Climate scenarios and equity returns
- This report assesses the impact of standard climate scenarios on total returns of EU and US equity indexes over the medium to longer term.
- The scenarios considered are baseline, net zero, delayed transition, no further action. The last two are the most likely, based on firm commitments (as measured by MSCI “Implied Temperature Rise”) and recent literature.
- We use the scenarios based on a tool provided by Oxford Economics as the reference point and compare results with alternative approaches, incl. proprietary regression models, the National Institute General Economic model, a proprietary CAPE model, as well as one bottom-up alternative by MSCI model.
- All the approaches contain estimates of transition risk, i.e., how the reduction of greenhouse gas (GHG) affects profits and valuations. The impact of physical risk - very limited for the next few years - but highly relevant in the long run, is fully or partially included in the models.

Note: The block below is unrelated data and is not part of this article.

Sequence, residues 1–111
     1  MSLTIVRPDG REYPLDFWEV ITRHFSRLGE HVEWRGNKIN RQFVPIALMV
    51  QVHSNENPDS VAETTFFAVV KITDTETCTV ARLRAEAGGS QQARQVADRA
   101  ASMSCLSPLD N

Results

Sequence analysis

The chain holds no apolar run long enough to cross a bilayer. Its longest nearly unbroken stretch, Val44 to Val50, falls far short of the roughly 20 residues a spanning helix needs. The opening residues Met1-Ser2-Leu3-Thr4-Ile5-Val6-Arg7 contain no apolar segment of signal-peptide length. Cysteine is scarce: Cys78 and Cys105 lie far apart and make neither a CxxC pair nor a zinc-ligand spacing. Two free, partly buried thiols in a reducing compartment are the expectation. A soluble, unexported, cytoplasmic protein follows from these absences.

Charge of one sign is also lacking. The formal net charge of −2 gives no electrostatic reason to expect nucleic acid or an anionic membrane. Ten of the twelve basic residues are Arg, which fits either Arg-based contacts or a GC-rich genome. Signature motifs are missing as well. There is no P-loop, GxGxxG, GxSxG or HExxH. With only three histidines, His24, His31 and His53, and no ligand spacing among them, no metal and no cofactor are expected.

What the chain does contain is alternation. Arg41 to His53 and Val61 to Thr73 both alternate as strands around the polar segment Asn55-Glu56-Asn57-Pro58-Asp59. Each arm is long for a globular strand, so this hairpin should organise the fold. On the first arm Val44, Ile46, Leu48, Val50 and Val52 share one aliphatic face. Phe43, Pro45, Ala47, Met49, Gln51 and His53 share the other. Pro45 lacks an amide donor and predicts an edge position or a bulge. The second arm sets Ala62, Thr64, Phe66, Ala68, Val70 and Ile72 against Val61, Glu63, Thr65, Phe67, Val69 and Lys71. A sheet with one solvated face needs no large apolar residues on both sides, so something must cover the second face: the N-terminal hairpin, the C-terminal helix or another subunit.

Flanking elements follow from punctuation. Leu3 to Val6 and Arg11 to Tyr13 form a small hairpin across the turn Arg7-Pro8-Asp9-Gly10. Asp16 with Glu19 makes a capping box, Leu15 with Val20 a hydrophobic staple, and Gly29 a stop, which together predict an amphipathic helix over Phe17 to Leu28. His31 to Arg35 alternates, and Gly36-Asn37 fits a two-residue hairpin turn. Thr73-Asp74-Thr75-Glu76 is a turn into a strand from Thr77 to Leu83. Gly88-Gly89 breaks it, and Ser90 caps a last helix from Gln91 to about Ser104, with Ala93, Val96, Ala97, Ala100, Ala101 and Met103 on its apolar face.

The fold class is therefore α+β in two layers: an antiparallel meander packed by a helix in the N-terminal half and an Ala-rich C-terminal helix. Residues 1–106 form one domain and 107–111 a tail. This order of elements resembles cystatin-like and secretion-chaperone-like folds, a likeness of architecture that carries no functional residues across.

- The models may differ in their underlying assumptions about the speed and intensity of the adjustment, as well as the decarbonization process and the ability to deliver technological improvements. Differences can be found in the response of policy makers to the climate issue and in the model specifications.
- High transition costs in the near term have a visible impact on equity returns over the next 5Y in the “net zero” scenario. In EMU our reference model, OE, shows a difference in equity TR of -0.8% per annum relative to the baseline. The average of the alternative models is -1.2%. In the US, the delta is higher, both for OE (-2.3%) and for the alternative models (-1.5%). Taking the average of these estimates would give a cumulative loss compared to the baseline of 5% in EMU and 9% in the US over five years.
- Over a 15Y horizon, the delayed transition scenario is the one in which equity returns suffer the most: we could get a cumulative loss versus the baseline of 17% in EMU and 13% in the US.
- In the longer term (2050), the no further action scenario shows strong adverse effects on equity returns as fallout of increased physical risks dominates. On the contrary, the outcome of the net-zero scenario would be the best.
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